Who is going to answer these questions? LLF tells us that “We have created a process for identifying individuals and listening to how these matters impact their lives and relationships…” but does not tell us what that process is. They say that “We invited all diocesan bishops to select individuals and churches that represent a variety of perspectives and lived experiences.”

But many LGBTI+ people in the Church of England would tell you that in their diocese one of the last people to talk with any real knowledge or understanding about these matters is the bishop. Not one diocesan bishop is publicly identified as gay or lesbian, and only one suffragan. So they can’t talk freely about lived LGBTI+ experience. The diocesans are, frankly, unlikely (with one or two honourable exceptions) to know enough about the personal lives of clergy and lay people in their diocese to enable them to fill the representative categories LLF on their behalf identifies:

  • Male | Female heterosexual
  • Married | Single heterosexual
  • Male | Female gay partnered
  • Male | Female gay married
  • Male | Female same sex attracted celibate
  • Transgender Woman | Man
  • Asexual
  • Intersex
  • Age
  • Socioeconomic spectrum
  • Clergy | Lay (with at least one third lay)

Again, they create problems for themselves. Where are the bisexuals? What of lesbian and gay single people? What of non-binary people? The publication this morning of this information on the Living in Love and Faith website was met with disbelief and howls of protest from LGBTI+ faithful that such a thing could have been written and published with, what seem to us, to be blindingly obvious omissions and exclusions.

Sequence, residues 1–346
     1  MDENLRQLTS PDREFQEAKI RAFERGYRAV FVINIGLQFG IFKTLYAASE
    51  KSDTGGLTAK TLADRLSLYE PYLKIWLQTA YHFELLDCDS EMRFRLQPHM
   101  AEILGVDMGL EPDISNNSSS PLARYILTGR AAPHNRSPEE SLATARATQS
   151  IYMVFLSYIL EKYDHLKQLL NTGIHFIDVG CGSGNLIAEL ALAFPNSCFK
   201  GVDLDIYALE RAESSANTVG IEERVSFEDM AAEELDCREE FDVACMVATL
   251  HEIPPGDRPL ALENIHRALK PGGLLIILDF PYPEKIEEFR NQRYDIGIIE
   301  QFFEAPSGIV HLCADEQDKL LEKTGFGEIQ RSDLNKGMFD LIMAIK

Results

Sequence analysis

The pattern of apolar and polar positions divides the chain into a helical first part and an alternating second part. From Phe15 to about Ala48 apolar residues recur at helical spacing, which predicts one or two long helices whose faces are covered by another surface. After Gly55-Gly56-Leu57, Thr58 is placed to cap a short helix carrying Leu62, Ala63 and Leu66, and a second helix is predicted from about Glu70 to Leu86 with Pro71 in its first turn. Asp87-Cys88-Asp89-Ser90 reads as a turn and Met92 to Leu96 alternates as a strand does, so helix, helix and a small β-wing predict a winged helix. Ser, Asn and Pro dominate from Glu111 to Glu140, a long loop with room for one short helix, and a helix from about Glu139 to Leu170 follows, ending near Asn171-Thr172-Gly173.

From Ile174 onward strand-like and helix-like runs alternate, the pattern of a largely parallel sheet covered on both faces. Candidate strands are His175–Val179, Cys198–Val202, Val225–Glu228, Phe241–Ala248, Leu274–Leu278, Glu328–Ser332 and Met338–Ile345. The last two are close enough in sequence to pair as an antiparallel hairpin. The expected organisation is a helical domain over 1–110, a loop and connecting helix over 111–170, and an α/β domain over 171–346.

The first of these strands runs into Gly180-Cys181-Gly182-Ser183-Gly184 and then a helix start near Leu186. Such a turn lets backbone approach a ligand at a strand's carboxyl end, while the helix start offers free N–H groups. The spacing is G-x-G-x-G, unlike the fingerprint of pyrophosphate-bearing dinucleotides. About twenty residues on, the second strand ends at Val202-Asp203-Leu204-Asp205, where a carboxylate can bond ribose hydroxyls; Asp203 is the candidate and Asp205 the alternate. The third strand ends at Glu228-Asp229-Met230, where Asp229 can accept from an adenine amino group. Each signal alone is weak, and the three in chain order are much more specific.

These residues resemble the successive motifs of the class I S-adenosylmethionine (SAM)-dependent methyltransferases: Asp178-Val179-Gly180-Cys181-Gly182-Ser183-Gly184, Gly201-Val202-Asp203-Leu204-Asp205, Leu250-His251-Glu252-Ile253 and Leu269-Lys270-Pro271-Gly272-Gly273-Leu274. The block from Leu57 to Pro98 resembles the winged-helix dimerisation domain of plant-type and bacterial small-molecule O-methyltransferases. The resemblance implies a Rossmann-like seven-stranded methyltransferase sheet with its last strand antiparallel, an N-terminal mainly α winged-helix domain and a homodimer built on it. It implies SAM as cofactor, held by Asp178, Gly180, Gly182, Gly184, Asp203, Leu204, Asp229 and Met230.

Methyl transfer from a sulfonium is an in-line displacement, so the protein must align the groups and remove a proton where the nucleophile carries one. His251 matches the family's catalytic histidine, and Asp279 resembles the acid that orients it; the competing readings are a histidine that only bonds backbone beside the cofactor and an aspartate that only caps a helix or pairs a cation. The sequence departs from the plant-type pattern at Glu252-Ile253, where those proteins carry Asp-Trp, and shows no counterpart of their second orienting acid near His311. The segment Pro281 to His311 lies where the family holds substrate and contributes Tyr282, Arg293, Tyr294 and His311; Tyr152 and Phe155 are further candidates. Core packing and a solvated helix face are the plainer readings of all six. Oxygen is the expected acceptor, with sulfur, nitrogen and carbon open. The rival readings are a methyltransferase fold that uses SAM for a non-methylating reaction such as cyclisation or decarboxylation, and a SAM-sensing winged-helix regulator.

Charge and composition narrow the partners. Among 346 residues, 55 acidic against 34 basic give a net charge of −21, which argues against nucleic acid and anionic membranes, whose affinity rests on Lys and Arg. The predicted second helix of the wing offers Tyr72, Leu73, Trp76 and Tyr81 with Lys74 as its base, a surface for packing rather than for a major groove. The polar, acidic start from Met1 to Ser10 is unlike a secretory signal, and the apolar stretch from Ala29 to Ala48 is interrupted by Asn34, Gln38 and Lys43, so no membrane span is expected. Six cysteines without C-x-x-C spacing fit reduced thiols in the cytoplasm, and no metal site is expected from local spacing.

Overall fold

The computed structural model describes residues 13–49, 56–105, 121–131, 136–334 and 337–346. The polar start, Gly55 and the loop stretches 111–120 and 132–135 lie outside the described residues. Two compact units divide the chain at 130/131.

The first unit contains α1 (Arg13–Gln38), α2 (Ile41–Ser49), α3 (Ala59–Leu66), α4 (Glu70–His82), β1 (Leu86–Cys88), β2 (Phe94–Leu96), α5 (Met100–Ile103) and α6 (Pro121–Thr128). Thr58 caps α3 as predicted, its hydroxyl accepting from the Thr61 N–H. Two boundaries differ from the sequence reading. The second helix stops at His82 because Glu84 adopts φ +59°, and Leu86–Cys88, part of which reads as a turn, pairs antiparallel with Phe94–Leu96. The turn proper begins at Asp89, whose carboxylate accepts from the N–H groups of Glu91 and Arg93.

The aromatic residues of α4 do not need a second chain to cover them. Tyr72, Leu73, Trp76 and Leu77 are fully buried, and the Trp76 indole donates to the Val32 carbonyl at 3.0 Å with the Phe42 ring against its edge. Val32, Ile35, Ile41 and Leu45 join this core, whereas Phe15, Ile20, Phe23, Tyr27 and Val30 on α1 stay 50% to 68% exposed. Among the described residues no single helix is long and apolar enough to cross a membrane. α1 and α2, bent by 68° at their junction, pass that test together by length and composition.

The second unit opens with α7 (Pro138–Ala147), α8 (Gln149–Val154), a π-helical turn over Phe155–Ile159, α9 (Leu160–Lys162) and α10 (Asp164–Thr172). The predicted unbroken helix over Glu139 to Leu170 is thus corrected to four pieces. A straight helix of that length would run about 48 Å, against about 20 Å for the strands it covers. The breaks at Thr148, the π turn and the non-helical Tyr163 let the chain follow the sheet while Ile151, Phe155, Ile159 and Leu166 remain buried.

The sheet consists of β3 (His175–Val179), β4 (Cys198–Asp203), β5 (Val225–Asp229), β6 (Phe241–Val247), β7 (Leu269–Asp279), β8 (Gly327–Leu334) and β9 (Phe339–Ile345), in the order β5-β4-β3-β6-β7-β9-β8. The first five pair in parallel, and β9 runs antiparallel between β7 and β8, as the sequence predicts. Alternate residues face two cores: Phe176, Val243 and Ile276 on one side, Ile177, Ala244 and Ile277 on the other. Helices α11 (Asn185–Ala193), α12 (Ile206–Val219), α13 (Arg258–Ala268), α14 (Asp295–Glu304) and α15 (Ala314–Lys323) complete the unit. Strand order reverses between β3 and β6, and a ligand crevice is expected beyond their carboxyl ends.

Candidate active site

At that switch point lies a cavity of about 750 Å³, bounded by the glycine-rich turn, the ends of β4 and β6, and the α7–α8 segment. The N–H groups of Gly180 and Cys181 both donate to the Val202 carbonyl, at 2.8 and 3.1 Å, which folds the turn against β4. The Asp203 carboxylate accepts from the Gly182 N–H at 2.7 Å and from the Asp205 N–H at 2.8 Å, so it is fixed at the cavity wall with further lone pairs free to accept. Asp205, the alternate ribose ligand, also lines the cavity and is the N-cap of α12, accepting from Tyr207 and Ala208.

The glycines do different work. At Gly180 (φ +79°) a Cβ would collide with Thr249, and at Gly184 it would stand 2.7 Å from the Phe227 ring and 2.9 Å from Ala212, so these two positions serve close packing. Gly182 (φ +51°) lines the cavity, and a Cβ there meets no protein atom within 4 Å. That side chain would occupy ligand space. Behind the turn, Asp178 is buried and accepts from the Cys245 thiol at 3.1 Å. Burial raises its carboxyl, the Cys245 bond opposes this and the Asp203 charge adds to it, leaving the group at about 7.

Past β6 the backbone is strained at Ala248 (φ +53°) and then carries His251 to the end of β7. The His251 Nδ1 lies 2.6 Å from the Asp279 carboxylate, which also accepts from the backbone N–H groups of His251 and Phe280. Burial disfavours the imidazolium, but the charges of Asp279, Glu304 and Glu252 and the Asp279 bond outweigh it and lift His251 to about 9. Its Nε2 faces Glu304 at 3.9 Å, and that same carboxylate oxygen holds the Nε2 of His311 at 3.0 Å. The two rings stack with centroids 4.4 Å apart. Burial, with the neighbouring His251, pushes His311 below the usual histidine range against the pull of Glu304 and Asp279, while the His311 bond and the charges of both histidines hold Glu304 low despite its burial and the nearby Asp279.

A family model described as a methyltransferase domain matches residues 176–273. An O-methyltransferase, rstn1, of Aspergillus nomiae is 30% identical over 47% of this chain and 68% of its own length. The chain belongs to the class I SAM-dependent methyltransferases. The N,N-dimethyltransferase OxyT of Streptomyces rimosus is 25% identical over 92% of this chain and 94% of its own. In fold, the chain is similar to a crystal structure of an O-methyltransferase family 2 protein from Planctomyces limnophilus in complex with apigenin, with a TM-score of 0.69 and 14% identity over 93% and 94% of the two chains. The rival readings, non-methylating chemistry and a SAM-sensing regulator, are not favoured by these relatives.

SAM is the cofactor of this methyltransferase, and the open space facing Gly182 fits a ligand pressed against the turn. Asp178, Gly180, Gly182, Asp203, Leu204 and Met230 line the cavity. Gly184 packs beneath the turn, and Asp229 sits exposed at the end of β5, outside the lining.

Tackling the problems.

The whole process has an intrinsic tension written into it from the start. We are told that it is a process initiated by bishops for bishops. It is strongly under the control of bishops – with an astonishing number of them involved in the various work strands of the teaching document. Contrast this with the membership of commissions and study groups a generation or more ago (Colin Coward has a splendid blog post about this here[ii]). General synod members were told in July 2018 that:

We have also clarified the purpose of the project: it is first to provide resources for the bishops to exercise their teaching both in the sense of teaching the faith and in helping the whole people of God to engage in deep and transformative learning.

So, stripping out the Anglican adjectives, the project is primarily for bishops to help them find the answers to these problematic areas which cause disagreement. Bishops are then to teach the faith in relation to these matters, and we are to learn. The process is fundamentally top down. The answers will, by then, be known to bishops, who will then communicate them to us whose job is to learn from them. But to state it as baldly as that will be met with howls of protest. For alongside this profound commitment to a hierarchy of knowledge they want to be seen to be “listening”.